Friday, April 15, 2016

Georgia’s “Secret” Volcanic Range

For reasons that escape me, this string of volcanoes has never received proper publicity and academic recognition.  Yet every school child should know and have at least a field trip to remember.  How better to teach geology?
The mineral occurrences are at least known but missed out on the big exploration binges so far as i know.  This was likely the result of title issues and poor government policies not unlike the current situation in the USA today.  Modern technology will change all that but lower grades will likely leave this mineral district dormant.
In the meantime it is also evident that this supported native mining activity before contact as well.
The chain itself likely represents the activity associated with one hot spot alone as the crust was dragged over it in an east west direction.  Regardless it is not extinct at all and has a poorly estimated potential for mischief. 
Georgia’s “secret” volcanic range

April 2, 2016 Richard Thornton 2 Comments

POOF member, Suzanne Ward, mentioned the volcanic cones in the Pigeon Mountain Volcanic Range. Virtually nobody knows about this unusual geological feature in the Southeast . . . even the state’s geology professors seem to be unaware of it. I called the directors of the geology departments in Georgia’s three largest public universities. None of them knew much about the geology of the North Georgia Mountains and didn’t even know that the volcanic cones were there.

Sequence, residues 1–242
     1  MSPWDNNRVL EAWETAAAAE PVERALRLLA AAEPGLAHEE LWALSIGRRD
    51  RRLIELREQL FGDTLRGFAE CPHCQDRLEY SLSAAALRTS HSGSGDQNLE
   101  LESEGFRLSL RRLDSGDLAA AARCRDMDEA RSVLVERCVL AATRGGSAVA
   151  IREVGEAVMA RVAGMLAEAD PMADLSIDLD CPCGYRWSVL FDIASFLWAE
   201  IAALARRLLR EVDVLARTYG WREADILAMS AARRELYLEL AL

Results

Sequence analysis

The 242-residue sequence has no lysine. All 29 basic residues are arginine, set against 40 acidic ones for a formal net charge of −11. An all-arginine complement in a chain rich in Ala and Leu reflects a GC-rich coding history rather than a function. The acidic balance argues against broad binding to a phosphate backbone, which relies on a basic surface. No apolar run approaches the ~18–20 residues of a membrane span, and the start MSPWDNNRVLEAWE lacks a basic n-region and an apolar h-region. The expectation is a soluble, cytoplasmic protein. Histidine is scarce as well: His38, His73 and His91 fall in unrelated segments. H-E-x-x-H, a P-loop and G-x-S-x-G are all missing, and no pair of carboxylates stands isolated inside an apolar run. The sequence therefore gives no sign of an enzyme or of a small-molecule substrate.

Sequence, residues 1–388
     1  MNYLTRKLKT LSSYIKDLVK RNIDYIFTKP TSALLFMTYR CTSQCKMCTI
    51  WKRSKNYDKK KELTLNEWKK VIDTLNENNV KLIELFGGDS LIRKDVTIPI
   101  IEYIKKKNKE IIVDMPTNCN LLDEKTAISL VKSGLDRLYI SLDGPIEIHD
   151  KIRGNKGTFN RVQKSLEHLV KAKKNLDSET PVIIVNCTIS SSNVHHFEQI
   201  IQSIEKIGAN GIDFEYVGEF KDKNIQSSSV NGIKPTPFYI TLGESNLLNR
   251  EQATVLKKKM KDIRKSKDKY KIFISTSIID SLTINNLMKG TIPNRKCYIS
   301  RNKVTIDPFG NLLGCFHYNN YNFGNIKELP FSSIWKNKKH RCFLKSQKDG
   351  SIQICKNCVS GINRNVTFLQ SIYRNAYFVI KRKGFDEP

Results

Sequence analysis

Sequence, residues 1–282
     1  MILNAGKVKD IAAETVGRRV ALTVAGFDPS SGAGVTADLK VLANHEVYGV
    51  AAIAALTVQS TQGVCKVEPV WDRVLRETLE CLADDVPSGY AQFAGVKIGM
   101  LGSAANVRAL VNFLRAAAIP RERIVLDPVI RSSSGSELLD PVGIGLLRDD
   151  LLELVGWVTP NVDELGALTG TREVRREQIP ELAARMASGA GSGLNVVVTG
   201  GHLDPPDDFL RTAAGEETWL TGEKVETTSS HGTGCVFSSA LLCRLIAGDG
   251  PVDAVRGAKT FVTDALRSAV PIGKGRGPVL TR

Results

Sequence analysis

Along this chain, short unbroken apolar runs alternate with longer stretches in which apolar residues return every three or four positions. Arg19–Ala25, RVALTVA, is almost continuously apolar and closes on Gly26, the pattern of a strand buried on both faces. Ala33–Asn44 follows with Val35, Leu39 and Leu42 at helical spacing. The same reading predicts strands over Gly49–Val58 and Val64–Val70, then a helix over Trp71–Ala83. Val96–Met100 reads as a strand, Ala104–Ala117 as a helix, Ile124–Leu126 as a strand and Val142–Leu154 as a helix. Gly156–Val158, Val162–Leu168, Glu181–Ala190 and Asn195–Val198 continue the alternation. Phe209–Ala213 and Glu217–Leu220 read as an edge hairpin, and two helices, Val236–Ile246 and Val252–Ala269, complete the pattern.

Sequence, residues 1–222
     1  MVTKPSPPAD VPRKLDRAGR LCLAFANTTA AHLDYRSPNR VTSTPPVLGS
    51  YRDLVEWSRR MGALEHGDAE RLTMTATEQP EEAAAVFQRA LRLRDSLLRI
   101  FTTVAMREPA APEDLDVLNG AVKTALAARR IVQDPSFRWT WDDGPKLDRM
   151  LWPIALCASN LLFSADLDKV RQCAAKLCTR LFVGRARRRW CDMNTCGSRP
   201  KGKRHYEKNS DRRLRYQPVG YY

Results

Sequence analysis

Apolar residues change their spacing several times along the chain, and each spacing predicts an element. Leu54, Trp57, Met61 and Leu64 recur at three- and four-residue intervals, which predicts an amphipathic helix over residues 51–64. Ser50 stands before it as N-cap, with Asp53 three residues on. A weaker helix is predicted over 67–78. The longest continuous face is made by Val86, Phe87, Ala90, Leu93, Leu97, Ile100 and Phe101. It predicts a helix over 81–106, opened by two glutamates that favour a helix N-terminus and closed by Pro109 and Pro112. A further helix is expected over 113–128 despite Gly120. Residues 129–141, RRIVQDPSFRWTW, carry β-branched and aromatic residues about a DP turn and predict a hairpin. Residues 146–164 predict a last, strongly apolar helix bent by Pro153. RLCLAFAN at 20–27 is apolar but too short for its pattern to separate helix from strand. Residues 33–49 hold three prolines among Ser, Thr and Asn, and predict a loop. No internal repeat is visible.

The Pigeon Mountain Volcanic Range is located west of Lafayette, GA and east of Lookout Mountain. The dormant volcano on the right last erupted in 1857. The only reason I know is that there are frequent tremblers under Pigeon Mountain. It is dormant and last erupted in 1857. The frequent little earthquakes trigger the “Earthquake Code” requirements of the International Building Code. I telephoned the professors so that I could get more specific information on the amount structural reinforcement, my buildings needed. They were no help at all.

The generally extinct line of volcanoes begin at Curahee Mountain near the Savannah River and are aligned roughly East-West across the state. They cross the Blue Ridge Mountain Range and have distinctly different shapes than the Blue Ridge Mountains. They are the source of the gold, copper, ruby, sapphire, garnet and diamond deposits in North Georgia.

Collapsed calderas

Calderas are especially large volcanic basins. There are several ancient collapsed calderas in North Georgia. We know of three that contain complexes of Native American tombs. They are often called caves by the local mountaineers, but were hand dug for burials. This is what a collapsed caldera looks like on a topographic map.

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